The Rise of MEMS Sensors
Join us for a MEMS-focused webcast on Thursday, June 19th at 12:00pm Eastern time. Click here to go directly to the registration page.
Jay Esfandyari, Director of MEMS and Analog Product Marketing at STMicroelectronics, will discuss the rise of MEMS sensors. Although Micro-Electro-Mechanical Systems (MEMS) have been around for a long time, the introduction of the technology into consumer markets, with Nintendo’s Wii in late 2006, opened the floodgates with multiple MEMS – accelerometers, gyros, compasses, pressure sensors and microphones — now in smartphones and tablets. And you ain’t seen nothing, yet!
Next, Simone Severi, lead for SiGe MEMS at imec, will discuss SiGe MEMS technology for monolithic integration on CMOS. He will describe the recent development of MEMS technologies at imec that enables the monolithic integration of MEMS on CMOS. This approach represents a potential key advantage for a variety of MEMS systems as it can lead to a device performance improvement and to the scaling of the system area with consequent cost and package size reduction. Systems requiring multiple MEMS devices on chip or large MEMS array will benefit the most out of this approach.
One route focuses on the direct post processing on top of CMOS of a low temperature SiGe material, fully compatible with standard Al back end of line processes. This platform can realize a compact system for multi sensing applications. Accelerometers, capacitive pressure, compass and temperature sensors are among the candidate sensors to be combined on the same chip, e.g., to yield implantable (or wearable) products for the medical field, chips for the consumer or automotive market. Array of Capacitive Micromachined Ultrasonic Transducers are demonstrated for potential medical imaging systems. Key asset for the success of this CMOS-MEMS monolithic approach is the implementation of an hermetic thin film packaging technology. Thin film hermetic SiGe packages are demonstrated with cavity pressure ranging from few Pa up to several 100mBar. This technology has the potential to enable a scaling of the form factors while reducing packaging and testing costs.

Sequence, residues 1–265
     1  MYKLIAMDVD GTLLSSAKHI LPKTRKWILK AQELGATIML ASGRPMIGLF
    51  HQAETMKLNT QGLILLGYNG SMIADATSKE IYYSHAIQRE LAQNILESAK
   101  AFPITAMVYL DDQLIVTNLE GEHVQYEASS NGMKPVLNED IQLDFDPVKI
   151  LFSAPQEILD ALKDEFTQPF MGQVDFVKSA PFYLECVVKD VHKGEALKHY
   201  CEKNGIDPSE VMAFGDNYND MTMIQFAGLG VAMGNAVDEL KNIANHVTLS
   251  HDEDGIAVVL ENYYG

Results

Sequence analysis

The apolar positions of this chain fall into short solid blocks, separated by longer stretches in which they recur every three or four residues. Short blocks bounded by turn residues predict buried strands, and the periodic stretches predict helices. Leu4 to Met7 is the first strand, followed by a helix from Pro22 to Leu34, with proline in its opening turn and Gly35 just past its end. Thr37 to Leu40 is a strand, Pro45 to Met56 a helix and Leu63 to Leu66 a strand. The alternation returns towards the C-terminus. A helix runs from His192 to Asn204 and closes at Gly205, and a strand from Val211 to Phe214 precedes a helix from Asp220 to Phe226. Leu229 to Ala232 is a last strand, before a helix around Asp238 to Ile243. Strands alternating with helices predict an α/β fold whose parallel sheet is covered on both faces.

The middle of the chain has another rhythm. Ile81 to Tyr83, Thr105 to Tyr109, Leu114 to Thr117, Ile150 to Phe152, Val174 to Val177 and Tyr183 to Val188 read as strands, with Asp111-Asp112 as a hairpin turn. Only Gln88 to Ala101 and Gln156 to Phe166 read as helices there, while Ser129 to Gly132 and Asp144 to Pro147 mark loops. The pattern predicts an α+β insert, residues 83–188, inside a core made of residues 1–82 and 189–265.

Jay Esfandyari has more than 20 years of industry experience in Semiconductor Technology, integrated circuits fabrication processes, MEMS & sensors design and development, sensor networking, product marketing, business development and product strategy. Jay holds a master’s degree and a Ph.D. in Electrical Engineering from the University of Technology of Vienna, Austria. He has more than 60 publications and conference contributions. Jay is currently the Director of MEMS and Analog Product Marketing at STMicroelectronics and he is located in Dallas, Texas.
Simone Severi joined IMEC Leuven in 2007, working on microsystems for mass data storage devices, poly-SiGe surface micromachining technology and CMOS integrated biosensors. In 2009 he became the team leader of the specialty component group at IMEC, with specific focus on MEMS and Bio-Photonics sensors.
Severi received his M.S. degree in microelectronic engineering from the University of Bologna, Italy, in 2001 and his Ph. D degree from the Katholieke Universiteit Leuven in 2006. During his Ph.D course he worked on ultimate device scaling, innovative channel engineering and processing for future CMOS devices technologies.